by Carol Ann Aicher '88
John Frederick Oberlin was a Lutheran pastor and philanthropist in the Alsace region of eastern France. Six years after his death in 1826, his name re-emerged to identify the colony and college founded by John Jay Shipherd and Philo P. Stewart: Oberlin. A 1987 issue of The Oberlin Review ran a story about Erica Nelson's quest to find the gravesite of John Frederick Oberlin, a.k.a. "Papa Oberlin," as his burial plot indicates. I followed Erica's directions a few years later and found myself rediscovering a wonderful piece of Oberlin history.
Visitors to the French cities of Strasbourg or Colmar in the Alsace region need to detour just a few hours to find Papa Oberlin's grave located in Fouday or his home in nearby Waldersbach. I recommend taking a detailed map such as Michelin #242; larger maps don't include these two towns. The area is quite beautiful, and adventuresome travelers should explore the underdeveloped country lanes that wind through the idyllic countryside and villages. On the map, these roads are depicted in white and yellow.
Upon reaching Fouday, a church steeple marks the cemetery: an old, small-town graveyard, well-kept and adorned with flowers. Unlike many of my cemetery searches, the plot was easy to find. A metal cross bearing Oberlin's nickname marks the grave, and the self-appointed town historian, Monsieur Hummel, is often on hand to greet tourists. He lives next to the church and once spent his days watching for visitors. He avoided speaking English with me, and prefers, I think, German or French.
During my brief tour of the cemetery, Hummel shared stories of Papa Oberlin's funeral in 1826 and the two-mile line of townspeople who came to pay their respects. As the head of the processional reached the cemetery, the last person in line stepped away from Oberlin's house and parish church located in the next town.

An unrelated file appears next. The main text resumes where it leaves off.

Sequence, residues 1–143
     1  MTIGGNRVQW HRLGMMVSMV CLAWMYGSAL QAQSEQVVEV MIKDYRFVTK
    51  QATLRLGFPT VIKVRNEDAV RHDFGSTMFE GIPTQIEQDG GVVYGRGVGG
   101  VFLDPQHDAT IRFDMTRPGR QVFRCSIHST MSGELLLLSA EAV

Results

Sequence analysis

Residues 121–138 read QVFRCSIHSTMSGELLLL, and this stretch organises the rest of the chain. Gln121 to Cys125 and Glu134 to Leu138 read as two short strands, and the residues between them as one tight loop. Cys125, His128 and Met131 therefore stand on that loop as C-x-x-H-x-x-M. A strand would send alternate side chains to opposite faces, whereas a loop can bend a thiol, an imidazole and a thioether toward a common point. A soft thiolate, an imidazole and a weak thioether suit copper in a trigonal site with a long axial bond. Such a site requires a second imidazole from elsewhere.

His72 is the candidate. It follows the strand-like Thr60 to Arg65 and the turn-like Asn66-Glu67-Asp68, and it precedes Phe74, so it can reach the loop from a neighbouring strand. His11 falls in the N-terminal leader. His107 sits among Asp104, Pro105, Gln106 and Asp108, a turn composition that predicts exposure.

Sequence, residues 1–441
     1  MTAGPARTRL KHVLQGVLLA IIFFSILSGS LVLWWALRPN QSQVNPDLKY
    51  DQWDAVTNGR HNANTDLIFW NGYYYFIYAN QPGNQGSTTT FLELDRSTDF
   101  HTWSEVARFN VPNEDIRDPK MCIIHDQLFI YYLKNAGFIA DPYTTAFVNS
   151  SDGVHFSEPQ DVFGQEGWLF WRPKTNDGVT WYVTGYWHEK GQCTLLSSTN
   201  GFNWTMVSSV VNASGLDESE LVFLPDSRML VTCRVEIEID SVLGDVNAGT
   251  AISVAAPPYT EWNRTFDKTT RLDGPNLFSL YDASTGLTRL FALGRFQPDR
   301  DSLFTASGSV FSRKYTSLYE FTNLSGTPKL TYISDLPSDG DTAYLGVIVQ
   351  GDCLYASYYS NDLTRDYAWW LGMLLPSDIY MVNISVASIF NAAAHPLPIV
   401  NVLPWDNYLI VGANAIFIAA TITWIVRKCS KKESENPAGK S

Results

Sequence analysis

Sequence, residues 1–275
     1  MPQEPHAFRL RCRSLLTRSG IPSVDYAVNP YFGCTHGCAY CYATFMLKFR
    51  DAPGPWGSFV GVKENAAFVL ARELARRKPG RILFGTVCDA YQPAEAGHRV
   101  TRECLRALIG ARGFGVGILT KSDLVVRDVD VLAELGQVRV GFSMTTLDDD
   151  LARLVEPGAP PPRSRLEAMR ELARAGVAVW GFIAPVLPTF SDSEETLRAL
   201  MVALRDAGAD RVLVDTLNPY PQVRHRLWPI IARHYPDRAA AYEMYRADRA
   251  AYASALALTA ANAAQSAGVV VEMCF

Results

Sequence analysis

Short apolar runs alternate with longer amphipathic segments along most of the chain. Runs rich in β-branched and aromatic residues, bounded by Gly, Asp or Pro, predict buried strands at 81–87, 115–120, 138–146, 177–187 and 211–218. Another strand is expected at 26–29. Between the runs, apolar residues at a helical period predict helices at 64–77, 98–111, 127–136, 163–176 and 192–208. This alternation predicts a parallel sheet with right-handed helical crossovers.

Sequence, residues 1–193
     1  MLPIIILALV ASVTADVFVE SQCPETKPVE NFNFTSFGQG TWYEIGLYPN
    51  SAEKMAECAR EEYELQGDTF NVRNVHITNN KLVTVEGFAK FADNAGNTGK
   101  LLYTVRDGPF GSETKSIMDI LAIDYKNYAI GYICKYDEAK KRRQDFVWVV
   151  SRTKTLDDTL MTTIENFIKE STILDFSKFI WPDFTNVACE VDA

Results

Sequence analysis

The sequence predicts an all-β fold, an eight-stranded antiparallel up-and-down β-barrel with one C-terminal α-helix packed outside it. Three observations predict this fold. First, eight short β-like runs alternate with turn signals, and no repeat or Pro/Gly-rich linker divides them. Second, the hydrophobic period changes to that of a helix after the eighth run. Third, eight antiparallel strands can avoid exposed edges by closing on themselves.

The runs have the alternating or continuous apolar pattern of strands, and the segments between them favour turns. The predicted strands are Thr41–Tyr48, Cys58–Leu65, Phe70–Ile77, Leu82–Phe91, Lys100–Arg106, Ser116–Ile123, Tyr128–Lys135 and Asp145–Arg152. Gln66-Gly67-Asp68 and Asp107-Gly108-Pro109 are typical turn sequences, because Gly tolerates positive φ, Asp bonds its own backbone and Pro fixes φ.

The church next to the graveyard was once part of John Oberlin's parish. It dates back to the 11th century, yet I was reminded of the later Quaker meeting houses in Pennsylvania. The interior is very plain; its wooden benches cover logs that feed the winter stove. An hourglass stands near the pulpit-the very one used by Papa Oberlin to time his Sunday morning sermons.
Papa Oberlin accepted the pastorship in Waldersbach in 1767 after studying theology at the University of Strasbourg. A supporter of Christian mysticism and the ideas of Rousseau, he was said to possess a rare spirituality combined with a talent for practical social development. The previous pastor had established a school and library, services Oberlin improved upon by further training the teachers and mandating that children attend school until the age of 16. He spent his long life in labor for the material and spiritual improvement of his impoverished parishioners, working to build roads and teach modern agricultural methods.
Oberlin also developed the first of many "Oberlinvereince" orphan asylums for the protection of children. Doctors and medicine were rare, so he established a pharmacy in his home and arranged for new doctors to train and practice in his parish. He founded a loan and savings bank and introduced cotton manufacturing. And amidst all of these accomplishments, Oberlin is credited with spreading formal French throughout a region long isolated by its own difficult dialect.
Upon leaving the cemetery, visitors can take a two-mile drive to the preacher's home, Musée Oberlin, in Waldersbach. The museum devotes four rooms to the life of Oberlin, but visitors are often disappointed to find it closed. The Museum Alsatian in Strasbourg is also a stop for the Oberlin aficionado; a floor there is devoted to his life and impact on this area of France.
Ed. Note: A program of study abroad, the Oberlin Center of European Studies, was inaugurated during Oberlin's 1992-93 academic year in Strasbourg, France, the birthplace of John Frederick Oberlin. The program is designed to take advantage of Strasbourg's role at the heart of the newly emerging European Union.